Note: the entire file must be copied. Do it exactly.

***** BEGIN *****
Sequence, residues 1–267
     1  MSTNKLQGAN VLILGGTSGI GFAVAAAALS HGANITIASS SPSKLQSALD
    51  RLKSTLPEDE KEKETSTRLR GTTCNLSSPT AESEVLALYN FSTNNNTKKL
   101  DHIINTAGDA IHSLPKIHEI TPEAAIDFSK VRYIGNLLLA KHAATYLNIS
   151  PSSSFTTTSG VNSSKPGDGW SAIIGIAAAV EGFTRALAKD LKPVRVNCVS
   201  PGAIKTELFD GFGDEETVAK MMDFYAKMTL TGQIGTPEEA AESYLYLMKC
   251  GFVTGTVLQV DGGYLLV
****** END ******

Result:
Sequence, residues 1–267
     1  MSTNKLQGAN VLILGGTSGI GFAVAAAALS HGANITIASS SPSKLQSALD
    51  RLKSTLPEDE KEKETSTRLR GTTCNLSSPT AESEVLALYN FSTNNNTKKL
   101  DHIINTAGDA IHSLPKIHEI TPEAAIDFSK VRYIGNLLLA KHAATYLNIS
   151  PSSSFTTTSG VNSSKPGDGW SAIIGIAAAV EGFTRALAKD LKPVRVNCVS
   201  PGAIKTELFD GFGDEETVAK MMDFYAKMTL TGQIGTPEEA AESYLYLMKC
   251  GFVTGTVLQV DGGYLLV